XY Planning Network is excited to showcase our members who launched their own firms this year. We want to celebrate these advisors and help promote their new firms by spotlighting their experiences, thoughts, and lessons learned on the XYPN blog.
This week, we're thrilled to hear from Jennifer Harper of Bridge Financial Planning. She founded her firm to provide today’s professionals with unbiased advice and implementation support for their financial goals. With more than 15 years of experience in the industry, Jennifer feels privileged to work with a wide variety of clients -- from young people looking for a ‘smart start’ to multi-generational, high net worth families.
While financial planning & investing can be complex, Jennifer believes her job is to make them approachable and useful tools to help clients achieve their goals.
Here's what she had to say about the experience of getting her own firm off the ground -- and a few valuable pieces of advice for any other financial professional looking to do the same.
I never intended to be a financial planner. In 2000, I was working as an MBA student at a trust and investment department of a bank. At the time, I figured it was a good job to have while I was in school, but didn’t know where it would lead. I quickly realized it was interesting, required careful analysis, but still had a client facing component.
I got to work with clients, and it had an analytical side too? Perfect.
But in the summer of 2013, I had had it. Done. Finished. You can keep it. I don’t want it anymore.
After more than 13 years of working in the financial services industry, I was over it. I had seen a lot of wrong things happen for the wrong reasons. I saw short term corporate decisions being made throughout the industry that had long-term impact on clients and employees -- real families and good careers pushed to the side.
Is that what the next 30 years of my career would look like? I hoped not. So I resigned my position.
I was perfectly happy and content to move along into community work and focus on Common Cents Financial Literacy, a non-profit that I founded a few years ago.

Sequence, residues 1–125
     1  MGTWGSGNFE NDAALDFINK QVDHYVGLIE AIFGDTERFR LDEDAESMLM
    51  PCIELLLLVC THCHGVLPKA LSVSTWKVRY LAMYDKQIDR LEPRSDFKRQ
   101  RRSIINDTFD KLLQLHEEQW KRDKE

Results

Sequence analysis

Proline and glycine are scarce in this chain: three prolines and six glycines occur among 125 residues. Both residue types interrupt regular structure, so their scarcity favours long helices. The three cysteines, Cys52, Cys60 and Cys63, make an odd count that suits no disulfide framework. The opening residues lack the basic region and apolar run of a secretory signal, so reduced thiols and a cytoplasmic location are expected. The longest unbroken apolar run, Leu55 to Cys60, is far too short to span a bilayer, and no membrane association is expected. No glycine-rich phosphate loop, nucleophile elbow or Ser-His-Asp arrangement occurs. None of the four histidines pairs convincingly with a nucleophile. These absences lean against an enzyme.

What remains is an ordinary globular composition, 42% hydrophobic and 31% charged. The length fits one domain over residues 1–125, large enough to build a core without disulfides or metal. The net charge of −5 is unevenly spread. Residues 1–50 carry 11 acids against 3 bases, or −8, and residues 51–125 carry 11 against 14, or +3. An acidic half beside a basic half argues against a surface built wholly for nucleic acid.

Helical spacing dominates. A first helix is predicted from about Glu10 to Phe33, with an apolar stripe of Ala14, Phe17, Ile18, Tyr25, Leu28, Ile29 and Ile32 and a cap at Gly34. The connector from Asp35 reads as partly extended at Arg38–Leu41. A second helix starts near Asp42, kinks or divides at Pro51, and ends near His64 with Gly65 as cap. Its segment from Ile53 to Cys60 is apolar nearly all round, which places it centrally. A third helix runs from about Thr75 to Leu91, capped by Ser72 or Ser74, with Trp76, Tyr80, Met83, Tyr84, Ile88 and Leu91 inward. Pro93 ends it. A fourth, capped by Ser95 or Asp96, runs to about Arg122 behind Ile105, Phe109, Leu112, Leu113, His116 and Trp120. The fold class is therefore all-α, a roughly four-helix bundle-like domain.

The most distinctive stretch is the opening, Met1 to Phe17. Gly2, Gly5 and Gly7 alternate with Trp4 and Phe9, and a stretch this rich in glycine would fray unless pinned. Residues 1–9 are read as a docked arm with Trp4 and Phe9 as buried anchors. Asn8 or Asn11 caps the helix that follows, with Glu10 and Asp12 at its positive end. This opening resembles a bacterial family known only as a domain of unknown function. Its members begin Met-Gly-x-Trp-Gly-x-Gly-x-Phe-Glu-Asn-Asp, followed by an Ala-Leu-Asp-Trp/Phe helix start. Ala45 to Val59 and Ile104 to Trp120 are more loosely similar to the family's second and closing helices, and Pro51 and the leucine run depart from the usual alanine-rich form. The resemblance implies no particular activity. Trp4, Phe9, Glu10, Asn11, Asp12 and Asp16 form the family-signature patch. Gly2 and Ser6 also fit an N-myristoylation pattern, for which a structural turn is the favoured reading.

I never intended to start my own firm. It happened out of a realization that there is a clear need for new client options in the financial planning space. I knew it would be fee-only. I knew it would be a resource for business owners and families that are often overlooked by the traditional model. Beyond that, I was unsure.
About that time, a funny thing happened. I came across a guest post by Alan Moore on Michael Kitces' Nerds Eye View. Alan talked about the philosophy behind XY Planning Network and all the new technology options that have come online within the last few years.
It was clear: you can have your own firm and be true to your conscience about how to serve clients. You can build a robust client platform for a reasonable price. You can find strategic technologies that leverage your time. You mean I don’t have to give up on my education, experience, or compromise what I think Financial Planning can truly be? I’m in!
So, I joined XYPN in January of this year and launched Bridge Financial Planning. I started onboarding clients on August 1st. I have a vision of how I would want to be served if I were the client and that drives what I do.
XYPN has been a great resource as I’ve launched my practice. They are dedicated to elevating the financial planning profession. I recently had the opportunity to attend their national conference and it was amazing to be with so many other planners building their dreams for their practices.
We’re all still learning and growing. We all have a long road ahead of us. We are all now wearing a lot more hats than our head will accommodate. Most of us have left behind salaries. It’s taking a lot of time, money and effort to build our visions, and we’re all happy about it! How crazy is that?
Now I am spending a lot of time refining the client onboarding process, finding ways to streamline the operations side of the business, developing clear communications strategies for my own accountability and client expectations. I’m learning to be comfortable promoting myself and the vision I have for serving my clients.
Whether you’re a planner considering ‘the jump’, or a potential client, it’s an exciting time!
To learn more about Common Cents Financial Literacy, a 501(c)(3) non-profit dedicated to providing financial education to students aged 16-22, go to www.CCFLI.org. You can also connect with us on Facebook or Twitter.